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Emily Dickinson wrote "There is another sky" in conjunction with a letter she sent to her brother, Austin. In the poem, she tries to convince Austin to return from Boston to Amherst. In this context, the poem is about place. Although Amherst is a place in the world, and therefore subject to change, Dickinson compares it to a heavenly place, one where things always remain the same. This is the idea that your home, or home town, might change but it will always be "home." Since that designation of "home" never changes, the place, in a sense, never changes. This is why she uses phrases such as "whose leaf is ever green" and "unfading flowers."
There is a bit of ambiguity. Is Dickinson talking about heaven, Amherst, both, or something else. The last line is "Into my garden come!" This could easily be taken as a sexual (and therefore, incestuous) invitation (to her brother, Austin). However, given that the poem has hymn-like qualities, it seems more likely that this poem is about the nostalgic lure of Amherst ("home") and the everlasting promise of heaven.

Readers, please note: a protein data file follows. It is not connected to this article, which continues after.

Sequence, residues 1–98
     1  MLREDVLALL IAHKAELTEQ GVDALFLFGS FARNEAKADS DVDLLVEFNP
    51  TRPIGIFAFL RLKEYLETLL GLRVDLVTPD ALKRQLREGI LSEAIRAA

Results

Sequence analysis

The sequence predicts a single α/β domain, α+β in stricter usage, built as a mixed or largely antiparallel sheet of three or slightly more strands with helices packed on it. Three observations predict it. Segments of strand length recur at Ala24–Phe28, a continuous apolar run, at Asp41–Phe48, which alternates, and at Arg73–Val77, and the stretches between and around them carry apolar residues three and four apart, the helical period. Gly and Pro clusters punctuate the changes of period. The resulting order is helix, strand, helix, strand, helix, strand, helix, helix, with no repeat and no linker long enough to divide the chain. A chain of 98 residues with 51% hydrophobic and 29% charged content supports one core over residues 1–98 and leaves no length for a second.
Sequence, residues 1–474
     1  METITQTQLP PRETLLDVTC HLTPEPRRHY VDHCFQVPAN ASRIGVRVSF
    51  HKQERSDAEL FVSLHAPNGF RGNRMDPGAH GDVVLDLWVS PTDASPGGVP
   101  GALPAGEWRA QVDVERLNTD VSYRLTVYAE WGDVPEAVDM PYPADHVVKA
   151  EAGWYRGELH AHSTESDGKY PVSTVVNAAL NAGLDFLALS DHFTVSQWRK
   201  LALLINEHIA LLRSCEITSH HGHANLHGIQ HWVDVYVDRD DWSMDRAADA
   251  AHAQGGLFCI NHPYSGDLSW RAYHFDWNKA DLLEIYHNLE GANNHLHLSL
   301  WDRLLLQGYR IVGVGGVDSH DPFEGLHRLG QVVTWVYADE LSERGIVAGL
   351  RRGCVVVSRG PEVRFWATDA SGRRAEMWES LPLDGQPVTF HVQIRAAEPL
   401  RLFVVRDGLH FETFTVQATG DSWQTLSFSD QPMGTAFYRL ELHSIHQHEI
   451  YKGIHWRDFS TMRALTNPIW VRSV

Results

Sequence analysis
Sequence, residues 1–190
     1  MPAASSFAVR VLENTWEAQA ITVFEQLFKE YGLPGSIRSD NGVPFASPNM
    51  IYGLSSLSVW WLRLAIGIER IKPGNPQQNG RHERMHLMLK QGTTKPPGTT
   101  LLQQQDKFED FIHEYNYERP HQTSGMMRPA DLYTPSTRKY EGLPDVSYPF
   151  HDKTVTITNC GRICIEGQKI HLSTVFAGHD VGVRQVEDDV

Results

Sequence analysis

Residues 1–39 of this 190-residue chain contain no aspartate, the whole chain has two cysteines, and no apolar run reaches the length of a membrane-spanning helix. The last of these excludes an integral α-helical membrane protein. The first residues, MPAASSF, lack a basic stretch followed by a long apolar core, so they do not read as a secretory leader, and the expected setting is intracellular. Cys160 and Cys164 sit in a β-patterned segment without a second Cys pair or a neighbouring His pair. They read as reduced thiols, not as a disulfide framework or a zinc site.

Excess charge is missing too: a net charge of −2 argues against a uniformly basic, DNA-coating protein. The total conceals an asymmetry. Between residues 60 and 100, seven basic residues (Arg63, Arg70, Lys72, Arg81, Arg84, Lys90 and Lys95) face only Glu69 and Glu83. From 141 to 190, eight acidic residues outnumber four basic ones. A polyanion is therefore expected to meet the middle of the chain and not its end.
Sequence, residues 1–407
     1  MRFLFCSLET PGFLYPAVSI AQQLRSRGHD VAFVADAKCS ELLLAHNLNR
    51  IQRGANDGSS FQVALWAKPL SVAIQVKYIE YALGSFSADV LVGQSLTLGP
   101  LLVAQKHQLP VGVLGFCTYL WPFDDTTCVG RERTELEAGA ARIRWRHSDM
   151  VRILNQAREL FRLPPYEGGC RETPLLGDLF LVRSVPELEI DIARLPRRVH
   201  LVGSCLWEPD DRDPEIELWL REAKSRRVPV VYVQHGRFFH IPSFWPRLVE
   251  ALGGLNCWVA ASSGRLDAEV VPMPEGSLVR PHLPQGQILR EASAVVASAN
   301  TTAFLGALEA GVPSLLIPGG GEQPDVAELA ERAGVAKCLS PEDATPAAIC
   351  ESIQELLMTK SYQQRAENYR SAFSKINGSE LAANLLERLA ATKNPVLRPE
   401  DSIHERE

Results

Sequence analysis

This conflation of worldly place and heaven has evidence in the poem. The first line is "There is another sky." The fact that "there" is used indicates an otherworldly place: something not "here." Later, in the poem, the speaker claims "Here is a brighter green." The "here" indicates a worldly place. The combination of "here" and "there" could imply a connection between the world and heaven. This theme is about the sense, or perception, of such places.
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